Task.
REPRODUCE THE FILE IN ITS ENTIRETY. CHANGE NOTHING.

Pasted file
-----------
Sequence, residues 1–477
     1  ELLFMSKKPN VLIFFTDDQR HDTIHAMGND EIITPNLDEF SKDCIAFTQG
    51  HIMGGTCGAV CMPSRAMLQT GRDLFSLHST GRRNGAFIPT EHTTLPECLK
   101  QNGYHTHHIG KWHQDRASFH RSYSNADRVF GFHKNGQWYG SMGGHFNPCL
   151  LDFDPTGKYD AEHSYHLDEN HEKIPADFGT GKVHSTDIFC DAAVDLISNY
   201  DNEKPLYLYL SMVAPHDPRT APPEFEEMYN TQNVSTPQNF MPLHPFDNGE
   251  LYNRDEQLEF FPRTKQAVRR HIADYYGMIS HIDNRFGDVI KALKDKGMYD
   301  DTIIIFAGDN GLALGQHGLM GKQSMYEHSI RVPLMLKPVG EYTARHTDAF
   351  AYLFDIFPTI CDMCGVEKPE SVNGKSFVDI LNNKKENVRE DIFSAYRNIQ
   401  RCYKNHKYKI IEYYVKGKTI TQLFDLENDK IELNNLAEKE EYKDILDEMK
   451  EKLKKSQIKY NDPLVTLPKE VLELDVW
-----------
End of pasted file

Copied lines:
Sequence, residues 1–477
     1  ELLFMSKKPN VLIFFTDDQR HDTIHAMGND EIITPNLDEF SKDCIAFTQG
    51  HIMGGTCGAV CMPSRAMLQT GRDLFSLHST GRRNGAFIPT EHTTLPECLK
   101  QNGYHTHHIG KWHQDRASFH RSYSNADRVF GFHKNGQWYG SMGGHFNPCL
   151  LDFDPTGKYD AEHSYHLDEN HEKIPADFGT GKVHSTDIFC DAAVDLISNY
   201  DNEKPLYLYL SMVAPHDPRT APPEFEEMYN TQNVSTPQNF MPLHPFDNGE
   251  LYNRDEQLEF FPRTKQAVRR HIADYYGMIS HIDNRFGDVI KALKDKGMYD
   301  DTIIIFAGDN GLALGQHGLM GKQSMYEHSI RVPLMLKPVG EYTARHTDAF
   351  AYLFDIFPTI CDMCGVEKPE SVNGKSFVDI LNNKKENVRE DIFSAYRNIQ
   401  RCYKNHKYKI IEYYVKGKTI TQLFDLENDK IELNNLAEKE EYKDILDEMK
   451  EKLKKSQIKY NDPLVTLPKE VLELDVW